Space Oddity

I absolutely love this video of Chris Hadfield on the International Space Station, singing “Space Oddity” by David Bowie. If you haven’t seen it, or haven’t seen it in a long time, well, go for it:

I watched this for the first time at the end of 2013, actually (not 2014). That marked a period in my life where I was super stressed, super overworked (like 80 hours a week), so I had not been following the great work Commander Hadfield had been doing on the ISS, tweeting with schoolkids and posting fun videos in Zero-G (This is how I brush my teeth in space, kids!).

So when I finally got around to taking the few minutes to watch this, I found it spellbinding. I even got a little verklempt.

It got me started devouring the rest of his videos on YouTube and I later read his book (not the best written biography in the world, but full of interesting details nonetheless). Inspiring guy, and he’s done a great thing for science education.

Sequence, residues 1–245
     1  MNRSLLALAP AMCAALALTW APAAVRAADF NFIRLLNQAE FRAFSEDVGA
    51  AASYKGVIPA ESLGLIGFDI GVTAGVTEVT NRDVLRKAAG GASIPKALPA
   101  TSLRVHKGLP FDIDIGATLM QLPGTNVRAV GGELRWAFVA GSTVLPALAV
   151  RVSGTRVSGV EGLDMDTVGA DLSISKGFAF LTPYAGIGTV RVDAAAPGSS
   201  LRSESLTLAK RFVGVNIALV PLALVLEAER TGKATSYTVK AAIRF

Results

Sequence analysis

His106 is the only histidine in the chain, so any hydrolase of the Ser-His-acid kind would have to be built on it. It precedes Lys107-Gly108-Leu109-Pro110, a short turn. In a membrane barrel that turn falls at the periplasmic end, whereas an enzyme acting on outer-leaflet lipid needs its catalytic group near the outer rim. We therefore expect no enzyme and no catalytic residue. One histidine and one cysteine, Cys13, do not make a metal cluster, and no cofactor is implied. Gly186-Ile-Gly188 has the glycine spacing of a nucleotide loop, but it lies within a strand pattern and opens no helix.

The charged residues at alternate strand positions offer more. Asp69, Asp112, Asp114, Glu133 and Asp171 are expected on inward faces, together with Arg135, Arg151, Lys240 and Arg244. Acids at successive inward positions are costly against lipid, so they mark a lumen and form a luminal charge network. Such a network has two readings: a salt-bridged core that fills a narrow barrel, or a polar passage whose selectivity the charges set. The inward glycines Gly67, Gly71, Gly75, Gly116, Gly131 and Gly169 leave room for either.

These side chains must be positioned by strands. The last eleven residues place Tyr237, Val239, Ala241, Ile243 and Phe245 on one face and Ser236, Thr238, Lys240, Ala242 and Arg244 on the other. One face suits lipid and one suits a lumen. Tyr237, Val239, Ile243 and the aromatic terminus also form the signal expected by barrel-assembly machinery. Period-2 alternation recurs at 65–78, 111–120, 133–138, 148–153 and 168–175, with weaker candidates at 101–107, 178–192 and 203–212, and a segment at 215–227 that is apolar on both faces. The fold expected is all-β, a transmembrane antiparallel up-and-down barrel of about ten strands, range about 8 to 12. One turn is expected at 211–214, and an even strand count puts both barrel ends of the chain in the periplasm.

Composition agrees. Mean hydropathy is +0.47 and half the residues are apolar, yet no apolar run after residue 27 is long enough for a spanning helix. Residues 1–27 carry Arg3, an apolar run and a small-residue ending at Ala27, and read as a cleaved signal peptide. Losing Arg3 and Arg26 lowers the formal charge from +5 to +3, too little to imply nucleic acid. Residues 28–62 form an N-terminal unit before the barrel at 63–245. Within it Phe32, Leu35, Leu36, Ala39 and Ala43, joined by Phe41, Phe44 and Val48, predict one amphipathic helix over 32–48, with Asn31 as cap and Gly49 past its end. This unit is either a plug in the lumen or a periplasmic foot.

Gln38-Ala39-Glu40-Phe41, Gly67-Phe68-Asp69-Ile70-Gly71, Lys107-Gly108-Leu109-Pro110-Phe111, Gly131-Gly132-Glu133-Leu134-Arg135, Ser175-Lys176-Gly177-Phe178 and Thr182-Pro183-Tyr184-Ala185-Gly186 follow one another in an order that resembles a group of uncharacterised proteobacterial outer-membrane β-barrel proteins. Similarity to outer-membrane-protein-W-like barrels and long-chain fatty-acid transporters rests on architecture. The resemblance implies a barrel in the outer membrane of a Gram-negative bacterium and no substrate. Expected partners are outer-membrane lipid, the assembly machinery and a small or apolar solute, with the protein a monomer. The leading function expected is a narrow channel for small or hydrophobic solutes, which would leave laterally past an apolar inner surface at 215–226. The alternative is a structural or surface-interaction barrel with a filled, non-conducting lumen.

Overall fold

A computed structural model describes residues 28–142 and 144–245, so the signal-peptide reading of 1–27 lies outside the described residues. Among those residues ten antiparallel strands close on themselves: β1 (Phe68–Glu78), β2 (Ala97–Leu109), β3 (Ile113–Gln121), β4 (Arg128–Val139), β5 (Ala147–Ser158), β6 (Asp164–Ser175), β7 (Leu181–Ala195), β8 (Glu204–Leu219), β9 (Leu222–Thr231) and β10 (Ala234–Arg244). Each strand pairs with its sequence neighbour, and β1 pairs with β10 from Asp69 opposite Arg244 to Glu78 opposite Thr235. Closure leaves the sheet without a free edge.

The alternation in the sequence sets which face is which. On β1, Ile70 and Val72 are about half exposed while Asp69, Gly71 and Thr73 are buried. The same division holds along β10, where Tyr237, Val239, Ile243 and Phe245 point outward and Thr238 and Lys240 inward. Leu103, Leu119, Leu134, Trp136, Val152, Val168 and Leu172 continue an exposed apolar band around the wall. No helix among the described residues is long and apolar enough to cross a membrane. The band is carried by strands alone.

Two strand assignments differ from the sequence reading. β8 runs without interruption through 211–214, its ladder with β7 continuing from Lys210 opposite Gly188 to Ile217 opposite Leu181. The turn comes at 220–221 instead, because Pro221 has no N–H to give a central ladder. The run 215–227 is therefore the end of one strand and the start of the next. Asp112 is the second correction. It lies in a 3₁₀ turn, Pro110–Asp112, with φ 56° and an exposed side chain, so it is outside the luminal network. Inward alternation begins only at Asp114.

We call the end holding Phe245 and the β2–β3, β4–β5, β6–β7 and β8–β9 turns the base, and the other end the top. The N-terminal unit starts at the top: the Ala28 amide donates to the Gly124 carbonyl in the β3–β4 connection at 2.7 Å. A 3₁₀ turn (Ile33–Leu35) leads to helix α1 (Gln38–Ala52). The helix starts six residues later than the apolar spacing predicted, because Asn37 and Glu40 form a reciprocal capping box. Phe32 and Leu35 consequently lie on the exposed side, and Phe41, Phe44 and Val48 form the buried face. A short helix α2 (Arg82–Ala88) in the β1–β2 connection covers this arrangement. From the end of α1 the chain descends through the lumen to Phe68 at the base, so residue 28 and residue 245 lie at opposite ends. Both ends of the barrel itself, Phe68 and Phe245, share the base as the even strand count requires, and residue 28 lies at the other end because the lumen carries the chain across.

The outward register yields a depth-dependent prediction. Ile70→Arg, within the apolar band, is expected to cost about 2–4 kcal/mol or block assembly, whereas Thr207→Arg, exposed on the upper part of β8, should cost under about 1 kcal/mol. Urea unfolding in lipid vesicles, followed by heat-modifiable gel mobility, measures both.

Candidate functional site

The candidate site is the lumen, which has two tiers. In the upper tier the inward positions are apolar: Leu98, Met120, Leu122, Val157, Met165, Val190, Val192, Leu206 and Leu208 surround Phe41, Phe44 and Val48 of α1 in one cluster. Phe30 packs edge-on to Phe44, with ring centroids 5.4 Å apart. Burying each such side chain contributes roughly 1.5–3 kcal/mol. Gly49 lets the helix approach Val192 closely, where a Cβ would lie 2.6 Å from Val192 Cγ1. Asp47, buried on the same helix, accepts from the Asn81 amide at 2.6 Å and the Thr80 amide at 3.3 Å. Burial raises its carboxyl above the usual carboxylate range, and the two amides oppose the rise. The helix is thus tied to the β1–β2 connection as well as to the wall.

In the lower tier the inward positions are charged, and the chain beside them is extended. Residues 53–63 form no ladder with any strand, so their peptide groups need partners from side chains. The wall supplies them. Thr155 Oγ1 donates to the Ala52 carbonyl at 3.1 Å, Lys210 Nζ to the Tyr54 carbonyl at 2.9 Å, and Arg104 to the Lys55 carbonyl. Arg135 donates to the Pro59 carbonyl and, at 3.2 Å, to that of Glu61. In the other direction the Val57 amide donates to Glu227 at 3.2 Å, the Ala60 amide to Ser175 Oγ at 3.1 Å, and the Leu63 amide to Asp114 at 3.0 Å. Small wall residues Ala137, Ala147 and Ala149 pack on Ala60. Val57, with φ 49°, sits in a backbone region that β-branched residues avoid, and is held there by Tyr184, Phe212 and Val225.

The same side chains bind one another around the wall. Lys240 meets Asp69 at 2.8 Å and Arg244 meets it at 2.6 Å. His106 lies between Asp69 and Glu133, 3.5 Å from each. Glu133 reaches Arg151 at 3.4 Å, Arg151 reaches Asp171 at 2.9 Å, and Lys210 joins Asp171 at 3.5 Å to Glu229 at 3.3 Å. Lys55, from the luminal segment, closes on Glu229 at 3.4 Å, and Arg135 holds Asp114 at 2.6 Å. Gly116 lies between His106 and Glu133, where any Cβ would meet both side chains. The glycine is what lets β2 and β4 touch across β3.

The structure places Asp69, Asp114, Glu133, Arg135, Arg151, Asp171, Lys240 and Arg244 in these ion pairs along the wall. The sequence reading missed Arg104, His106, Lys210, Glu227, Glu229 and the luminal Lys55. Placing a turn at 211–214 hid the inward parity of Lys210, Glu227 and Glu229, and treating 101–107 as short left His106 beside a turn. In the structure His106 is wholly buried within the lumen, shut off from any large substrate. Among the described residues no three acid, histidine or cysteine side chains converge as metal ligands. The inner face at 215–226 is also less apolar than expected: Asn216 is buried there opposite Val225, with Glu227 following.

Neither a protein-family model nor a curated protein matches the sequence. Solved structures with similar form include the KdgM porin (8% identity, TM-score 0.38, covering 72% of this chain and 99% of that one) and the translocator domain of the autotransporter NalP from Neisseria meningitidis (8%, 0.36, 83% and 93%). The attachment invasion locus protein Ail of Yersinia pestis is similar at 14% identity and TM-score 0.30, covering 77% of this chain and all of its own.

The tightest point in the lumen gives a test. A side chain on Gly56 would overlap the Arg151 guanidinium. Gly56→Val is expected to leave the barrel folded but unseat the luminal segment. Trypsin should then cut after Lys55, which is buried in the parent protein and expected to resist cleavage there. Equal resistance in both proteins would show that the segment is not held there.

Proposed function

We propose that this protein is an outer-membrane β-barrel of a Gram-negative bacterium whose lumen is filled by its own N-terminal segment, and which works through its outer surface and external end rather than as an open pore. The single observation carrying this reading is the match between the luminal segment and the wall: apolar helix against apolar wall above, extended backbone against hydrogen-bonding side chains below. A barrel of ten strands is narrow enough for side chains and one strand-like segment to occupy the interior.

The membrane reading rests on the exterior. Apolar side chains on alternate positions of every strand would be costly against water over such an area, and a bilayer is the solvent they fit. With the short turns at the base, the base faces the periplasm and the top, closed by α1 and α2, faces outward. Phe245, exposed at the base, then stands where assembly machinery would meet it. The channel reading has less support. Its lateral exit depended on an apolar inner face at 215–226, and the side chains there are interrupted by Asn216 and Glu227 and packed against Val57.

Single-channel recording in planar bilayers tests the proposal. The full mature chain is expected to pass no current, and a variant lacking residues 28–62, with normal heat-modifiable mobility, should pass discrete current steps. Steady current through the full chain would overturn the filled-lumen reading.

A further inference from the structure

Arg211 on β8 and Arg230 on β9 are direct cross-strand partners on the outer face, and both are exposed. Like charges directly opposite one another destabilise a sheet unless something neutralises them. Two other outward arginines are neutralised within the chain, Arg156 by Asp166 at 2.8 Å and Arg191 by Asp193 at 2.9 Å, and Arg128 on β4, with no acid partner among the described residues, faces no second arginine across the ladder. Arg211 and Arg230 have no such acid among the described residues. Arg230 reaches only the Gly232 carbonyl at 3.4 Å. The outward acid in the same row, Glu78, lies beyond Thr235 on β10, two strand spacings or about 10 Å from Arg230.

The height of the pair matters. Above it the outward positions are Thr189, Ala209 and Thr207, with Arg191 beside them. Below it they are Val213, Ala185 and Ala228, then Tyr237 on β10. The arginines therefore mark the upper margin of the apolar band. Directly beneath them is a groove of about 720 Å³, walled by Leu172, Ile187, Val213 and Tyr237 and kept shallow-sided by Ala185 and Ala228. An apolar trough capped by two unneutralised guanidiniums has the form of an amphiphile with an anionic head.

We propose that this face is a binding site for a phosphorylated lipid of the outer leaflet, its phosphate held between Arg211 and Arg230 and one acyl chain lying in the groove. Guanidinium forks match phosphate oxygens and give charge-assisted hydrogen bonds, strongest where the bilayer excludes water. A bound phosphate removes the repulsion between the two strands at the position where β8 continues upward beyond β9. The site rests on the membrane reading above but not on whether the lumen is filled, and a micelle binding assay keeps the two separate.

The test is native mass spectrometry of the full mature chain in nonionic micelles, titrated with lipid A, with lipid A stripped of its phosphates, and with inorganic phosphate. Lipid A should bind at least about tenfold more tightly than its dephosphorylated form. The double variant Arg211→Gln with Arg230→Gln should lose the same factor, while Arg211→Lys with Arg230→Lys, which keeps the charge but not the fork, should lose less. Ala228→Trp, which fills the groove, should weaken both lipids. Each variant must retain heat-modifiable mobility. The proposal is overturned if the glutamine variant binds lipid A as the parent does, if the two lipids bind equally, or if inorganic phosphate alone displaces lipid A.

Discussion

The Simulation Argument

Here is a philosophical argument that just about blew my mind, maybe 30 minutes ago. I had loaded up this academic paper on my iPad because it was referenced somewhere else, and I just read it.

It asks “Are you living in a computer simulation?” and argues that the answer, “Yes”, is highly likely. It uses math and logical, philosophical proof, to arrive at that conclusion.

Have a read, and let me know what you think. There is already a slightly humorous, somewhat serious debate and public discourse about this idea. I haven’t gone into all of it, but if you go to the root website in the link above, you can follow along as well.

It brings to my mind the Foundation series by Isaac Asimov, an obscure novel called “The Jesus Incident”, and of course, The Matrix.